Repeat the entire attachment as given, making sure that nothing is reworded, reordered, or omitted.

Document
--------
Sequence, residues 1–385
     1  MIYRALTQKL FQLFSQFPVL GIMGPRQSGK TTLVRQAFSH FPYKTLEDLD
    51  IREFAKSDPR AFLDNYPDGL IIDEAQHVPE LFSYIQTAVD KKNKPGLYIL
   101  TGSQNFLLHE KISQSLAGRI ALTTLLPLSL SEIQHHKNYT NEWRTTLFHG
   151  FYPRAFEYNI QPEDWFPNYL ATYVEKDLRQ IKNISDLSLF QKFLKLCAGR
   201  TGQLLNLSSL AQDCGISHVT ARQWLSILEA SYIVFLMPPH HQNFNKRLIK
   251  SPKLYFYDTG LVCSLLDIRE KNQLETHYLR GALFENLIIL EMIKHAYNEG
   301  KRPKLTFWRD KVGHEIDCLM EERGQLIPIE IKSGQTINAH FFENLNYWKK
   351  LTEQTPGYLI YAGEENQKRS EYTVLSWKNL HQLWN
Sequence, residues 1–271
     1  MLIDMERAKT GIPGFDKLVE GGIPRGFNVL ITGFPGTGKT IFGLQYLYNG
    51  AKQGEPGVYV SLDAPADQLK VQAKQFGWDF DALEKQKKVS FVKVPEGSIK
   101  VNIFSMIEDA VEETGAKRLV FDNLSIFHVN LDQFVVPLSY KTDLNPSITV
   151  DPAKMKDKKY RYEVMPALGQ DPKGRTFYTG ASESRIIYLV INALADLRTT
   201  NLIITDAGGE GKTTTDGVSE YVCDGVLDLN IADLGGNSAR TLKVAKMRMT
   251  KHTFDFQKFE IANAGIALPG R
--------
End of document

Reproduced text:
Sequence, residues 1–385
     1  MIYRALTQKL FQLFSQFPVL GIMGPRQSGK TTLVRQAFSH FPYKTLEDLD
    51  IREFAKSDPR AFLDNYPDGL IIDEAQHVPE LFSYIQTAVD KKNKPGLYIL
   101  TGSQNFLLHE KISQSLAGRI ALTTLLPLSL SEIQHHKNYT NEWRTTLFHG
   151  FYPRAFEYNI QPEDWFPNYL ATYVEKDLRQ IKNISDLSLF QKFLKLCAGR
   201  TGQLLNLSSL AQDCGISHVT ARQWLSILEA SYIVFLMPPH HQNFNKRLIK
   251  SPKLYFYDTG LVCSLLDIRE KNQLETHYLR GALFENLIIL EMIKHAYNEG
   301  KRPKLTFWRD KVGHEIDCLM EERGQLIPIE IKSGQTINAH FFENLNYWKK
   351  LTEQTPGYLI YAGEENQKRS EYTVLSWKNL HQLWN
Sequence, residues 1–271
     1  MLIDMERAKT GIPGFDKLVE GGIPRGFNVL ITGFPGTGKT IFGLQYLYNG
    51  AKQGEPGVYV SLDAPADQLK VQAKQFGWDF DALEKQKKVS FVKVPEGSIK
   101  VNIFSMIEDA VEETGAKRLV FDNLSIFHVN LDQFVVPLSY KTDLNPSITV
   151  DPAKMKDKKY RYEVMPALGQ DPKGRTFYTG ASESRIIYLV INALADLRTT
   201  NLIITDAGGE GKTTTDGVSE YVCDGVLDLN IADLGGNSAR TLKVAKMRMT
   251  KHTFDFQKFE IANAGIALPG R